An acid and base are of opposite polarities and therefore, they neutralize each other. Acid and bases react with other substances in a caustic manner. Also, when it comes to chemical interaction, acids function as proton donators while bases function as proton acceptors. Both acids and bases may be classified as weak or strong. In the case of weak acids and bases, the conjugate result is strong but the weak acid or base does not dissociate properly in water. However, strong acids and bases manage almost complete dissociation in water though their conjugate acid or base is weak. As regards physical properties, acids are sour in taste and can burn or destroy substances they come in contact with. They leave a stinging effect on mucous membranes. Bases, on the other hand, taste bitter and have a soapy or slippery texture. Both acids and bases can be dangerous to the human body if of a high pH value. pH value of an Acid is lower than 7 and the pH value of a Base is higher than 7. Freshly distilled water has a pH value of 7. ACIDS AND BASES Acids Terms acetic acid acetylsalicylic acid ascorbic acid Carbonic acid Hydrochloric acid nitric acid Definitions food preservation and preparation, when in solution with water it is known as vinegar pain relief, fever relief, to reduce inflammation, known as aspirin
antioxidant, vitamin, also called vitamin C carbonated drinks, involved in cave stalactite and stalagmite formation and acid rain digestion as gastric juice in stomach, to clean steal in a process known as pickling, commonly called muriatic acid to make fertilizers, colorless, yet yellow when exposed to light to make detergents, fertilizers and soft drinks, slightly sour but pleasant taste, detergents phosphoric acid containing phosphates cause water pollution car batteries, to manufacture fertilizers, and other chemicals, dehydrating agent, causes sulfuric acid burns by removing water from cells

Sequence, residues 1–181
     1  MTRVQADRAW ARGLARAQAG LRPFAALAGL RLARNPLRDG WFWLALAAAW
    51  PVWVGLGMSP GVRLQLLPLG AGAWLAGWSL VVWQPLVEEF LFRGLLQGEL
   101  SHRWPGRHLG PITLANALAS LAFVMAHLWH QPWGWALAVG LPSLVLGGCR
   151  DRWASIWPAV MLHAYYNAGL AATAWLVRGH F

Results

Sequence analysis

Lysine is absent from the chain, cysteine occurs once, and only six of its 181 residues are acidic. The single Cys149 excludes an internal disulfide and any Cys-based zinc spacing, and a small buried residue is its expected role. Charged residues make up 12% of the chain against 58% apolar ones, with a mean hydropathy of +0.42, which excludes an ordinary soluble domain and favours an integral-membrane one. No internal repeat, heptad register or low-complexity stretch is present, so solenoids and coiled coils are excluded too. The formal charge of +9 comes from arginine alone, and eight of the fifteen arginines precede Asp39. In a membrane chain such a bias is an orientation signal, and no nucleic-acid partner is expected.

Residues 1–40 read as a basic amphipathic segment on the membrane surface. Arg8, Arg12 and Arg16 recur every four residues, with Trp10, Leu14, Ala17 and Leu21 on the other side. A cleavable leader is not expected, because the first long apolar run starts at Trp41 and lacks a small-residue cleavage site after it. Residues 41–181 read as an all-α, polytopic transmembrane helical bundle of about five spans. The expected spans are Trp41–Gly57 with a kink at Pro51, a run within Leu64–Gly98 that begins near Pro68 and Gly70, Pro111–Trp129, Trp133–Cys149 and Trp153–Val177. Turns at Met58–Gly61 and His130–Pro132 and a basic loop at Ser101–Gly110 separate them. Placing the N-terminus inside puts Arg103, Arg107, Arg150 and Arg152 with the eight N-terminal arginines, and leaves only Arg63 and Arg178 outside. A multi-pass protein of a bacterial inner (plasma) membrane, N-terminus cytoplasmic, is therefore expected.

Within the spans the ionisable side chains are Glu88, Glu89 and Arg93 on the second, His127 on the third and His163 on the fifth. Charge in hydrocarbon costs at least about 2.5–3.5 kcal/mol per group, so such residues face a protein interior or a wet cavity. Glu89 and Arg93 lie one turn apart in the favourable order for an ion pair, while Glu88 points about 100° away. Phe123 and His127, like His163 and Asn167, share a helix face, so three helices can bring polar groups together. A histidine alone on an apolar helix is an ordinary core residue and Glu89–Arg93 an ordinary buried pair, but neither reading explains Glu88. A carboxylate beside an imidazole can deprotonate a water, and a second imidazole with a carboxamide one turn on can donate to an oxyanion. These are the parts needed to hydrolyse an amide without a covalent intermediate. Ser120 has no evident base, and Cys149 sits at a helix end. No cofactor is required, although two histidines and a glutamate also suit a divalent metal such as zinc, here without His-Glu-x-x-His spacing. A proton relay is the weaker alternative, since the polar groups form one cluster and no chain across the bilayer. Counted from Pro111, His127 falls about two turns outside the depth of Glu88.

Bases Terms aluminum hydroxide calcium hydroxide magnesium hydroxide sodium hydroxide ammonia Definitions color-fast fabrics, antacid, water purification, sticky gel that collects suspended clay and dirt particles on its surface leather-making, mortar and plaster, lessen acidity of soil, called caustic lime laxative, antacid, called milk of magnesia when in water to make soap, oven cleaner, drain cleaner, textiles, paper, called lye and caustic soda; generates heat (exothermic) when combined with water, reacts with metals to form hydrogen cleaners, fertilizer, to make rayon and nylon, irritating odor that is damaging to nasal passages and lungs
TYPES OF CHEMICAL REACTIONS